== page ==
Craft artists are taking the stage again at The Gallery in Mogo, with free-spirited Moruya artist, Hazel Hofman, featured for the month of July into August.
Hazel revels in using texture, colour, fibre, hand-made paper and paint to create her fascinating variety of craftwork, and she is also a dab hand at painting and printmaking.
The Gallery is showcasing her imagination “running hot” with assemblage sculpture, spun fleece, felted fabrics, woven baskets, fun brooches, and jewellery made from found objects.
One of the most beautiful works on display is an elegant, two-toned grey, felted shawl, and another is a spring scarf made from a cleverly looped skein of multi coloured, spun wool.
Originally from the UK, Hazel arrived in Sydney in her teens.
She loved art but eventually work and the responsibilities of raising a family restricted Hazel’s opportunity to continue with her passion.
Following retirement Hazel became involved with Art Central and the Eurobodalla Fibre and Textile Art Group (EFTAG).
She says her work with textiles “kicked the whole thing off from there and I embraced the creative process”.
Not that her carefully planned projects progress as smoothly as expected.
She says, “I often find I take off in an unprecedented direction and the end result is usually a surprise”.
She calls it “going with the flow”.
This year she has been working with found objects.
“I don’t like anything going to waste. I have been using up my stash of materials to weave large, multi-coloured laundry baskets,” she said.
Formed into the circular, cone like shapes, these baskets have proved very popular at The Gallery.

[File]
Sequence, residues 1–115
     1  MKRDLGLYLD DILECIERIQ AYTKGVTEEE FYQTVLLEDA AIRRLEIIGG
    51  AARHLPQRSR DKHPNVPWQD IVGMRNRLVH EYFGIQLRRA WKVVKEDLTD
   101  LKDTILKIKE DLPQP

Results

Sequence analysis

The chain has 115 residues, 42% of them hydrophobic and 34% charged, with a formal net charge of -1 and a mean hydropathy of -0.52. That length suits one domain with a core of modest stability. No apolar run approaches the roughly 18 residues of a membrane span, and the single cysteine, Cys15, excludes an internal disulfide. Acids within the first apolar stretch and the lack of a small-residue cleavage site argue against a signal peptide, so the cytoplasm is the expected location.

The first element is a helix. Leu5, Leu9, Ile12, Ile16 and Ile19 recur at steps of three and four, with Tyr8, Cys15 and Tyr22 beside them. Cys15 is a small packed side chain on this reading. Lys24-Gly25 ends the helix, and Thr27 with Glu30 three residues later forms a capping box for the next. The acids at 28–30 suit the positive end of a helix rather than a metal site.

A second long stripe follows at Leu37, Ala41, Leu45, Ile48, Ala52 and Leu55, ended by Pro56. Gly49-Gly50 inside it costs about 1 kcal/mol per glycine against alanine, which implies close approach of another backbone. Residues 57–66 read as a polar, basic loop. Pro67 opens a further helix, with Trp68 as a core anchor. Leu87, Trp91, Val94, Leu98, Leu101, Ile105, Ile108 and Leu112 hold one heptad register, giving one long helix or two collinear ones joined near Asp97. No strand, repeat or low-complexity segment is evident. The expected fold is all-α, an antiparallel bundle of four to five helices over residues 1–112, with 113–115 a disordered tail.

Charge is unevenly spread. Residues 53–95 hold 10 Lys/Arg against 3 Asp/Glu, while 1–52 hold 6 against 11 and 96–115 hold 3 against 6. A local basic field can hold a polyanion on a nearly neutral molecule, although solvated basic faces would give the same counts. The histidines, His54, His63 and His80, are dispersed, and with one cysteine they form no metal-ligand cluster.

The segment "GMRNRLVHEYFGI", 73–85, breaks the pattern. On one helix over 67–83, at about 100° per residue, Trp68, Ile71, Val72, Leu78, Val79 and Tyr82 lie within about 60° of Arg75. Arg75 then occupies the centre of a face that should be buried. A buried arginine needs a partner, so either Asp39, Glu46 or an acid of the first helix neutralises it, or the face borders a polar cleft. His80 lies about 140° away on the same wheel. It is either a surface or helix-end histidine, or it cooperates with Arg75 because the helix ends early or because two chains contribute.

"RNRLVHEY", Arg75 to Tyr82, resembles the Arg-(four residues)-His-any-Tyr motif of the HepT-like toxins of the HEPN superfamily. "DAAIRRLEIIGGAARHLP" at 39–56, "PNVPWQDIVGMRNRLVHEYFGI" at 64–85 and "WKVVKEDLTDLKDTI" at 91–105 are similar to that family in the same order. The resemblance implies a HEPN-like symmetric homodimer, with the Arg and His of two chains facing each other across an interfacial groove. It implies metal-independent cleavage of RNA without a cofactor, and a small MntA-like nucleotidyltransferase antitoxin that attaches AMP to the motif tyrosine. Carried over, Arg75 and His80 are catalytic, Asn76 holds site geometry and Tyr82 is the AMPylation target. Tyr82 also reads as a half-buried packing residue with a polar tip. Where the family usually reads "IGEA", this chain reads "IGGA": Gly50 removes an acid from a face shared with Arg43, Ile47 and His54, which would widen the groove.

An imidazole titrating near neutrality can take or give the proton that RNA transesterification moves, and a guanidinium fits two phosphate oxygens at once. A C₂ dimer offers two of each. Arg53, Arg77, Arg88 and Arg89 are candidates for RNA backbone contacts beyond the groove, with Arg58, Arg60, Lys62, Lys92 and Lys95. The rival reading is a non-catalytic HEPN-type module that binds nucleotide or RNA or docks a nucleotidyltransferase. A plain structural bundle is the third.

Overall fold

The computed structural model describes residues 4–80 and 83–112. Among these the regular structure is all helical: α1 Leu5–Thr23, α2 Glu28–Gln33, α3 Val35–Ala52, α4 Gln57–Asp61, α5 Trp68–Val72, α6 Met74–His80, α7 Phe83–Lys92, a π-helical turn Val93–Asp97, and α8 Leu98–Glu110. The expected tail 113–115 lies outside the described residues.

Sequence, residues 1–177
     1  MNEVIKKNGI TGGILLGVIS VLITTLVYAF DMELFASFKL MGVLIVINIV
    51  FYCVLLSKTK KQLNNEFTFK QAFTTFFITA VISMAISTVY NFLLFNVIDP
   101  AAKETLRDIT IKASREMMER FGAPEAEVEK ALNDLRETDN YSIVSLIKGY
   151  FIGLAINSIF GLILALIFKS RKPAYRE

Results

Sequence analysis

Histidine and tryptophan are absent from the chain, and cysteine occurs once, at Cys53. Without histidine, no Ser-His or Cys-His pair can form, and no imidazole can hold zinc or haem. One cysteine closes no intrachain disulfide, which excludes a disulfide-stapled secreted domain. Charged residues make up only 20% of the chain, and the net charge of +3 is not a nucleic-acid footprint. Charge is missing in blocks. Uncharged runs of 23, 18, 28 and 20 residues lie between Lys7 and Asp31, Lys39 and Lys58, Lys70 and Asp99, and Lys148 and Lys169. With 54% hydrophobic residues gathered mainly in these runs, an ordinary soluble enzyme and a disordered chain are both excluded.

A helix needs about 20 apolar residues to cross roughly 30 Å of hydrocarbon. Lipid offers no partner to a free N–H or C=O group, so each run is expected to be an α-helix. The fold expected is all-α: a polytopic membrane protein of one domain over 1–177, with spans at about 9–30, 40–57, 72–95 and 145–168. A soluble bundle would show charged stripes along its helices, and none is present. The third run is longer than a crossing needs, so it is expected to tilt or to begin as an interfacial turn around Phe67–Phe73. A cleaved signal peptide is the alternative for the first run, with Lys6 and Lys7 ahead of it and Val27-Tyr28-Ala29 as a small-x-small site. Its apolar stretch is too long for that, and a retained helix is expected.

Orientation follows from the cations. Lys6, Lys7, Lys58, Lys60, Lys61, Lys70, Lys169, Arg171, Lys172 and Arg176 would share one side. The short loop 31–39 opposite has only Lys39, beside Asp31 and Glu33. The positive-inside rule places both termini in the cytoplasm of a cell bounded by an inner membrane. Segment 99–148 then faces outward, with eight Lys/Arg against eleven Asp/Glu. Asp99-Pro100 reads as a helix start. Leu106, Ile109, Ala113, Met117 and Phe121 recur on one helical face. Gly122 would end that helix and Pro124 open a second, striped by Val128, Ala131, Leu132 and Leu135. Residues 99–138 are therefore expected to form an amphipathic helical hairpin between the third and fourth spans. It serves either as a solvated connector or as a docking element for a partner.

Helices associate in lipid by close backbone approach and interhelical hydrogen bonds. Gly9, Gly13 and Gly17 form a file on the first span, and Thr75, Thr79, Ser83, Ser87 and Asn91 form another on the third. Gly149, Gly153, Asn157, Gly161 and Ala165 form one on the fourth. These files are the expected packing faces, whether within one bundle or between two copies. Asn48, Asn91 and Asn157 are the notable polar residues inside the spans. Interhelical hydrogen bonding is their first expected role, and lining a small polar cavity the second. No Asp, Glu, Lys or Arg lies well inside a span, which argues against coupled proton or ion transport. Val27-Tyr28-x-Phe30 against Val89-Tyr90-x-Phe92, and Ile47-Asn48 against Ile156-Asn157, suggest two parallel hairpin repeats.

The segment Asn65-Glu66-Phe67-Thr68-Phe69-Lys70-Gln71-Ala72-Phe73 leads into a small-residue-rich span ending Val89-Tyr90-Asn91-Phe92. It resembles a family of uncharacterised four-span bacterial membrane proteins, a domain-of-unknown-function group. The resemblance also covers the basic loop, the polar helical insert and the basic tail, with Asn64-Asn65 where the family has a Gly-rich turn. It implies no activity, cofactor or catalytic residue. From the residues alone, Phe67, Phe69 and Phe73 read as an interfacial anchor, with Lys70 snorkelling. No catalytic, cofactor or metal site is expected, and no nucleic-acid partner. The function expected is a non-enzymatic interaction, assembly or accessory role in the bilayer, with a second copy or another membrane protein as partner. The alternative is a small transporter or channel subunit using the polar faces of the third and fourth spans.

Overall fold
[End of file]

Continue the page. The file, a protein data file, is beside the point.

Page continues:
Another example of recycling is her use of five python skins shed and collected on Hazel’s farm.
“I love the translucent, elastic quality of the python skin and how stretching it over a shape will exploit and enhance its diamond patterns.”
In an extraordinary bust of a woman, the skins have been stretched and glued over a head built from papier-mache and coloured tissue paper on a wire armature. It is finished with a hairline defined by plaited silk scarves, a flourish of emu feathers and a crown of second hand brass and coloured buttons sourced from the ESC Buy Back Centre or donated by friends.
Also on the walls are Hazel’s collage of an old church made with her own hand-made paper, a watercolour of an old farm truck and a concertina shaped, coloured woodcut print.
The Gallery is a co-operative venture of the Creative Arts Batemans Bay Society Incorporated (CABBI), a society open to local arts and crafts practitioners. People interested in finding out more about CABBI should drop in to The Gallery, Mogo or phone 02 4474 2243.